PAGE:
Angioleiomyoma of the external auditory canal: a rare diagnosis—case report and review of the literature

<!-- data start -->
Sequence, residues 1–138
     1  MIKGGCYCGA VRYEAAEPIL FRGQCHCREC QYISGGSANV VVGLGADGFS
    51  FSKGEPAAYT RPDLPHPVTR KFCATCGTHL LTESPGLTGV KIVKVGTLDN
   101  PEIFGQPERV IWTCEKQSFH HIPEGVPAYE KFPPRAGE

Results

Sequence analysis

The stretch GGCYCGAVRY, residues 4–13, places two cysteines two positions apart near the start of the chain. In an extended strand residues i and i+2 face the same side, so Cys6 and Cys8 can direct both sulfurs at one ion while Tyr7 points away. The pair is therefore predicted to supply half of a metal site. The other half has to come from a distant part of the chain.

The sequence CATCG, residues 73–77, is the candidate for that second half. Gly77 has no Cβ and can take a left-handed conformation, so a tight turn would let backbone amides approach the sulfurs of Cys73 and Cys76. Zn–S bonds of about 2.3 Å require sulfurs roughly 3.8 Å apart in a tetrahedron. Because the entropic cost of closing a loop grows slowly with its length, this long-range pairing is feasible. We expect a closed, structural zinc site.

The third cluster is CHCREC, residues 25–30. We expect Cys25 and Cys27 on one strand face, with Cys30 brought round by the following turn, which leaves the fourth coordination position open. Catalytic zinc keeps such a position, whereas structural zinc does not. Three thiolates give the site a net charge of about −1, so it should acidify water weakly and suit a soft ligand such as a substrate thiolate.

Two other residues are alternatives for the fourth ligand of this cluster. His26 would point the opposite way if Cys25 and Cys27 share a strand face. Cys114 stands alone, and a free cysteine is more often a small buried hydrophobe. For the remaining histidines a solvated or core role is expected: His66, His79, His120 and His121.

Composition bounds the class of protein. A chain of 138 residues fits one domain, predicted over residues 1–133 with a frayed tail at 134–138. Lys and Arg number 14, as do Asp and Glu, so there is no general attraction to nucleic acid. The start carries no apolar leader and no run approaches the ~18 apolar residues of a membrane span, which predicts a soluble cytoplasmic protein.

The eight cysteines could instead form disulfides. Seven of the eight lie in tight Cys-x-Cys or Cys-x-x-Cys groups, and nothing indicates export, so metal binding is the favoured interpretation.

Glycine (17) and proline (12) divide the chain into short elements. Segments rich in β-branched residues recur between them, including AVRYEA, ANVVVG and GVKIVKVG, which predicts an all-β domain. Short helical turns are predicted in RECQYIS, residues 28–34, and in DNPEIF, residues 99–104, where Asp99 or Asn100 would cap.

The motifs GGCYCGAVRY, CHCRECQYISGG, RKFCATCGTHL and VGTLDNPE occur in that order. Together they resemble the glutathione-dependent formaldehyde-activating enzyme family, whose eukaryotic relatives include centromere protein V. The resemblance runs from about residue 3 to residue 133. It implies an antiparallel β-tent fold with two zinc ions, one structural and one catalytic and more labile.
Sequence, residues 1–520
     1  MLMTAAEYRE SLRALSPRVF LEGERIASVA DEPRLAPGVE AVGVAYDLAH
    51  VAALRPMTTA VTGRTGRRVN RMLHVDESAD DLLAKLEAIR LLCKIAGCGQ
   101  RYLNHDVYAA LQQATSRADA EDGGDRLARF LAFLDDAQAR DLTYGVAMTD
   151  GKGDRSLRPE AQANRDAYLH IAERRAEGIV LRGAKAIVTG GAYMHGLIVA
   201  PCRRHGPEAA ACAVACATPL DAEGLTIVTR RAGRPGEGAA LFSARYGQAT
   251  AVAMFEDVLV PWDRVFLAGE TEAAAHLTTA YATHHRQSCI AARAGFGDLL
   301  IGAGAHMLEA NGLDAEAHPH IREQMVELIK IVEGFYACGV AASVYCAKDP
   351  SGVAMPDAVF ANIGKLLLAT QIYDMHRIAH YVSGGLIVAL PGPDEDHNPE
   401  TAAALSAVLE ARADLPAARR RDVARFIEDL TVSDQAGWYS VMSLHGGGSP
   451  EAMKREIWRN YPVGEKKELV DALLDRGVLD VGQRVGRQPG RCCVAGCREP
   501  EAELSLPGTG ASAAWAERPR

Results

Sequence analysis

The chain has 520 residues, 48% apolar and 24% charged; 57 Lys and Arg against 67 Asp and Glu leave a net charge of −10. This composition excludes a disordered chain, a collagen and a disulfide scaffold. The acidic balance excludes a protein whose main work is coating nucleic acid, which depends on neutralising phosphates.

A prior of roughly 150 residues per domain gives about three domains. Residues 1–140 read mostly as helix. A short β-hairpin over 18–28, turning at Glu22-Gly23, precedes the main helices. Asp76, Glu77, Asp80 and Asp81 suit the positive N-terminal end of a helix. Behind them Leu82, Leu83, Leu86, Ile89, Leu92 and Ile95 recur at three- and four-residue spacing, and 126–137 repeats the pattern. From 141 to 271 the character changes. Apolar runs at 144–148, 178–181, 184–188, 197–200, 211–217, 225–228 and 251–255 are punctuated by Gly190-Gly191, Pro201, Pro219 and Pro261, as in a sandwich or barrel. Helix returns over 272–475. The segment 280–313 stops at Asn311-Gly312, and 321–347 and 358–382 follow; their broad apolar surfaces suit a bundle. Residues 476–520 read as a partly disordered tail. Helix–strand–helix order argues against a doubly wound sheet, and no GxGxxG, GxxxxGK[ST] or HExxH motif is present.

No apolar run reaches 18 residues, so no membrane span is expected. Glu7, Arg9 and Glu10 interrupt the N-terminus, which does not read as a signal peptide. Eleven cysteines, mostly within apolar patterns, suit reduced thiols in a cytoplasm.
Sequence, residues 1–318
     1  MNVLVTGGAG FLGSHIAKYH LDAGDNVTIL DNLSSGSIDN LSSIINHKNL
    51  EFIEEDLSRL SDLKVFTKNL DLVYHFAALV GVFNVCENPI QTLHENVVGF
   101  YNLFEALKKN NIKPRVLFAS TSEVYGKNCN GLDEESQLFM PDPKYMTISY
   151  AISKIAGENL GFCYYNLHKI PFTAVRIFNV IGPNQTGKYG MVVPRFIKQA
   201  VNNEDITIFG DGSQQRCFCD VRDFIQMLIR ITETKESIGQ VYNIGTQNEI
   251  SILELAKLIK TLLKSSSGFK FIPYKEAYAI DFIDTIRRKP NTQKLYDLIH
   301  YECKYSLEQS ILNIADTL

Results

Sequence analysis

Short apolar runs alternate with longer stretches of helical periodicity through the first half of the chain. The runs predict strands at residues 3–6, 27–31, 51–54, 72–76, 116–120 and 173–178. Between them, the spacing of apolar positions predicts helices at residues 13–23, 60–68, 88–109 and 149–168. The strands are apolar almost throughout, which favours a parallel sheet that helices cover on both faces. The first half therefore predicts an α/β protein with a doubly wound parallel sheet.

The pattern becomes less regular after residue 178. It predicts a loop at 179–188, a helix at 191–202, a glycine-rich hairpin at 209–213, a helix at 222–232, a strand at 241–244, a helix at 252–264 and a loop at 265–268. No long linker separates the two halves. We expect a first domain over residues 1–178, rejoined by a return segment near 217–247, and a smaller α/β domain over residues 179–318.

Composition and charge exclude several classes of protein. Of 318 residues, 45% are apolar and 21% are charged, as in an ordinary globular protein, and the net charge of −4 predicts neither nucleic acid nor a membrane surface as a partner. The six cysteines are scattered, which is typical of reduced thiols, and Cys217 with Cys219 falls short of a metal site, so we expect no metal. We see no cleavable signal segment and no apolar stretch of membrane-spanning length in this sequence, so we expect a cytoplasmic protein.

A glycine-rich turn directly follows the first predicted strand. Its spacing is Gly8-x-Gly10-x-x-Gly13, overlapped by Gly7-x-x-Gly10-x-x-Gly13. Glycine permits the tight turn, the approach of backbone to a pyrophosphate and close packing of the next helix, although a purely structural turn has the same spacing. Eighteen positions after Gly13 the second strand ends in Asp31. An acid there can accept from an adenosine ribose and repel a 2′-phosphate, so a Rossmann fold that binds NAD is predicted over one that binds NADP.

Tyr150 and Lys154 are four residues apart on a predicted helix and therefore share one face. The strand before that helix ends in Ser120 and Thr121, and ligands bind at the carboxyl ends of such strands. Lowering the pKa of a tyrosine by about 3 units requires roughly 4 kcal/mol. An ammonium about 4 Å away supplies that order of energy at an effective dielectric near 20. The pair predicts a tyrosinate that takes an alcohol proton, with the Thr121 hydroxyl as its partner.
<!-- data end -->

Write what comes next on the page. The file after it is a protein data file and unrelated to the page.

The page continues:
Angioleiomyomas (ALMs) usually arise from the alimentary tract or uterus, and seldom in the soft tissues of the head and neck. It is particularly rare for an ALM to develop in the external ear canal. To date, including our case—only 5 of these have been described in the literature. A total of 7 cases of the broader classification of leiomyoma (LM) have been reported in the external ear canal, which are reviewed in this report. This case presents a 59-year-old woman with 30-year history of constant, bilateral, non-pulsatile tinnitus, and unilateral high-frequency conductive hearing loss. The report provides a detailed timeline including preoperative investigations with imaging, audiological assessment, intraoperative transcanal endoscopic images, detailed histopathological findings and postoperative functional and objective outcomes. The article discusses current understanding of histopathology and includes a summary and comparison of all published cases of LM of the external auditory canal (EAC) to date.